A situation that many VC startups face is managing their cash. Your company may have received a large infusion of capital from a funding round, and those funds are sitting in a bank account. While you don’t want to take a significant amount of risk with this money, is there a way you can use the cash more productively? One option is to use a bond ladder for cash management to achieve some return while maintaining liquidity. 

What is a bond ladder?

A bond ladder is a portfolio of bonds that all mature at different times in the future. It’s an alternative to cash sitting in your bank account. While cash in your bank account is safe, it typically pays a very low interest rate. If done correctly, a bond ladder can help your startup manage cash flow and get some income from your capital.

Using your budget and financial model, you know how much runway you have and what your cash out date is. With that information you can use your cash to buy bonds or certificates of deposit (CDs), and stagger their maturity dates. With some planning, you can structure the “rungs” on your bond ladder so that some are maturing at your key milestone dates, when you need the cash.

Typically you will want a mixture of CDs and US Treasury bills (bonds with short maturities, from 13 weeks to one year). Depending on your timeframe, you may include other securities like zero-coupon bonds which have maturities as short as six months. Since CDs are insured by the Federal Deposit Insurance Corporation (FDIC) and Treasury securities are backed by the US government, these are extremely safe investment vehicles. You can also consider corporate bonds that are very highly rated, like AAA or AA bonds. Ideally the right mix will outperform the yield you would receive by keeping funds in a bank account.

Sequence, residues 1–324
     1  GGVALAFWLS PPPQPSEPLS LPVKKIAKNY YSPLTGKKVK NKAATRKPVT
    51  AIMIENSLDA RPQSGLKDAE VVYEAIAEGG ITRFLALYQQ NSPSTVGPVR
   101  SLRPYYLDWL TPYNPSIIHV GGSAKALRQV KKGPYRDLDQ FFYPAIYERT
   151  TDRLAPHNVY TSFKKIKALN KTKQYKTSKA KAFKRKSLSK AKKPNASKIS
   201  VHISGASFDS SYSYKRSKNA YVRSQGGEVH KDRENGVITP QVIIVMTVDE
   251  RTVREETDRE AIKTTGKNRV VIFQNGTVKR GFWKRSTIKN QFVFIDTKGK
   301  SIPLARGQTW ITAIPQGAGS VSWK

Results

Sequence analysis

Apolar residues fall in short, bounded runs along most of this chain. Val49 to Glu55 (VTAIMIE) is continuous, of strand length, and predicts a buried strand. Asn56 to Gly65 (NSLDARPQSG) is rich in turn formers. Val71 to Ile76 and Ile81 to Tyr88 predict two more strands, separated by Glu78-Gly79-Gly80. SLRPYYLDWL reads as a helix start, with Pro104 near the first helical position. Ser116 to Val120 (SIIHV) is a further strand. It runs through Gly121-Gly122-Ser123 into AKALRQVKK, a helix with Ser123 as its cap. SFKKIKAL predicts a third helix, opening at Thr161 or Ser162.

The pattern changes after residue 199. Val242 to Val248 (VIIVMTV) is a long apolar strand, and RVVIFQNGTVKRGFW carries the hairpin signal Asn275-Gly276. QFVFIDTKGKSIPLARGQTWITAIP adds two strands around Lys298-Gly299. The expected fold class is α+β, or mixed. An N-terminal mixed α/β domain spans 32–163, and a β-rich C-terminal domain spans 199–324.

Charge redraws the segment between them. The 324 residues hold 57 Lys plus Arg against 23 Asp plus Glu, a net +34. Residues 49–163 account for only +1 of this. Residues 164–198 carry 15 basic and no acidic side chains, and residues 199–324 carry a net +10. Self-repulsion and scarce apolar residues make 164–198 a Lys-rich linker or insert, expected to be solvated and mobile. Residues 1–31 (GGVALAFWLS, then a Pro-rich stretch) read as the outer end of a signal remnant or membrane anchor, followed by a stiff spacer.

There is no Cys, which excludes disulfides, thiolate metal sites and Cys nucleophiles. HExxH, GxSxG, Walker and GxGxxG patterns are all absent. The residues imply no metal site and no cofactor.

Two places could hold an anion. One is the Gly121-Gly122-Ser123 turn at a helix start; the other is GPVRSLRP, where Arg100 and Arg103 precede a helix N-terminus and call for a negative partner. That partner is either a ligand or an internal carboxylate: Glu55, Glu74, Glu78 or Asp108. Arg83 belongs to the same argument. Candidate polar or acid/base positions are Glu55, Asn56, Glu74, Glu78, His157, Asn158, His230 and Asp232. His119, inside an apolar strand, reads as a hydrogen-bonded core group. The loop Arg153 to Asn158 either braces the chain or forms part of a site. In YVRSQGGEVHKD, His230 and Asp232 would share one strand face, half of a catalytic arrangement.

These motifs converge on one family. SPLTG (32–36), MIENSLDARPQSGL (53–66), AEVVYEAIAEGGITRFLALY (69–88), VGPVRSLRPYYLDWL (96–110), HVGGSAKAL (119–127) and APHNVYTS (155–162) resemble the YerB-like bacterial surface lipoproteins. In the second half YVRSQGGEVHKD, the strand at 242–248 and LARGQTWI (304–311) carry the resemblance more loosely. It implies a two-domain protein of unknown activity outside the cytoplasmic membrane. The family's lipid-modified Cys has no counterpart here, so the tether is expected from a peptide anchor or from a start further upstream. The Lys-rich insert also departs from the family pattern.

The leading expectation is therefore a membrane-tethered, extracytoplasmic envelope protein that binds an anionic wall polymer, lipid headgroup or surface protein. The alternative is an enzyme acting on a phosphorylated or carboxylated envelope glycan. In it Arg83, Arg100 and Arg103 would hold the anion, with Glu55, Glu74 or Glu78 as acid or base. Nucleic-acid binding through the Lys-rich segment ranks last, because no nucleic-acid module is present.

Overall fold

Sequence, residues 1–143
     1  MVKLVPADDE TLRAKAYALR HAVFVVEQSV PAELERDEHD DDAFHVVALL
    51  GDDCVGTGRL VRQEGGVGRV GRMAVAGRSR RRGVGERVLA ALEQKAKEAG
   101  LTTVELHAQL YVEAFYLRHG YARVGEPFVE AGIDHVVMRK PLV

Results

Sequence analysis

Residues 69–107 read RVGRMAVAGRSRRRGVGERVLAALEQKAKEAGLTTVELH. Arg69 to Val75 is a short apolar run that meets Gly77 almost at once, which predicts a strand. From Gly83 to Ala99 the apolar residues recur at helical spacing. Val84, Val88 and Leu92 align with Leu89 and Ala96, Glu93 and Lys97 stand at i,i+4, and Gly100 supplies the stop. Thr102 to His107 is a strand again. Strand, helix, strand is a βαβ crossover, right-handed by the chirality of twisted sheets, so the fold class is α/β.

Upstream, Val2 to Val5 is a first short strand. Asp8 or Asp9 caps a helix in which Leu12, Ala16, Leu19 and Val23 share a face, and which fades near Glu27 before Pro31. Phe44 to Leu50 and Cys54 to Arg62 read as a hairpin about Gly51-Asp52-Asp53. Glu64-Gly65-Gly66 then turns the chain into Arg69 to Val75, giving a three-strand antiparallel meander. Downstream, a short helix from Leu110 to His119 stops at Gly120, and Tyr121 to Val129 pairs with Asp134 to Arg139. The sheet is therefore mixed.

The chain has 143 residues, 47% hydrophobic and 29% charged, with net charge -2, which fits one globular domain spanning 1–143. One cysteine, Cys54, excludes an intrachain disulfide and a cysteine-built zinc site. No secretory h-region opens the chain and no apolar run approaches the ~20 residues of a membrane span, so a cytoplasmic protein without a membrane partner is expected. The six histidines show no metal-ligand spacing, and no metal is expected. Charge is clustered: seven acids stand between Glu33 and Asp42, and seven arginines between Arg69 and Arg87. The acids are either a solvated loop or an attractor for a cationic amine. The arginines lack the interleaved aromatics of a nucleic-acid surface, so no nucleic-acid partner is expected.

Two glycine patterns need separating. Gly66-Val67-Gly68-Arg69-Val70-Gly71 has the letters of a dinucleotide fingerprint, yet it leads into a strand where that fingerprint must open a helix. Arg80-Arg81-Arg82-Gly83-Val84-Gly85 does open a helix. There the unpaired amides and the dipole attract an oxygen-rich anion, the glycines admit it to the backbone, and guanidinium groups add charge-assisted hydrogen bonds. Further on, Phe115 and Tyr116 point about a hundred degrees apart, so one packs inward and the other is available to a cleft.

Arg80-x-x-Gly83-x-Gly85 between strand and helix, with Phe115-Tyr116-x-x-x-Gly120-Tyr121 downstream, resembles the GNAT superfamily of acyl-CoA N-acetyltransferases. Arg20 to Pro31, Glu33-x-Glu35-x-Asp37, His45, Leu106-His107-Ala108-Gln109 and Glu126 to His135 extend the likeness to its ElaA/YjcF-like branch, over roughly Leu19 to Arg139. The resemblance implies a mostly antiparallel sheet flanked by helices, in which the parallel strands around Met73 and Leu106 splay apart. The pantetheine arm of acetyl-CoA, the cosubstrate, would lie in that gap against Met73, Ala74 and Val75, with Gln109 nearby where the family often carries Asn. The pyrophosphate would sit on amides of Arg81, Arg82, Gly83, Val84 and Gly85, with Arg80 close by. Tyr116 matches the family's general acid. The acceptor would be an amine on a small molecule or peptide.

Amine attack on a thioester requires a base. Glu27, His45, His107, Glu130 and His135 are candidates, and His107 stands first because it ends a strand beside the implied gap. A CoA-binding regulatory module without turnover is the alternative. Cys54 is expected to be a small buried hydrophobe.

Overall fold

These financial instruments are also fairly liquid if you run into any unforeseen expenses. You can generally cash out any of these investment vehicles in a few days if necessary by paying a small penalty. 

How can you create a bond ladder?

The best method for startup founders is to consult a money manager. They have the expertise to work with you to build your bond ladder and structure the “rungs” to meet your specific cash needs and business objectives. A money manager will also be able to advise you on the best financial instruments to use in your ladder. If you need a recommendation, your accountant at Kruze Consulting can help you. 

Your ladder should generally stay within a one-year to 15-month timeframe. Even if your runway is longer than that, you should be careful about investing for longer periods. You could encounter issues that require more money than you originally anticipated. Cash management is critical to startups, and while keeping your funds safe should be your primary consideration, a bond ladder can help you protect your capital and potentially gain some additional yield. For a startup with $20 million in funding, that additional yield might help fund another hire. If you have questions about bond ladders, please contact us.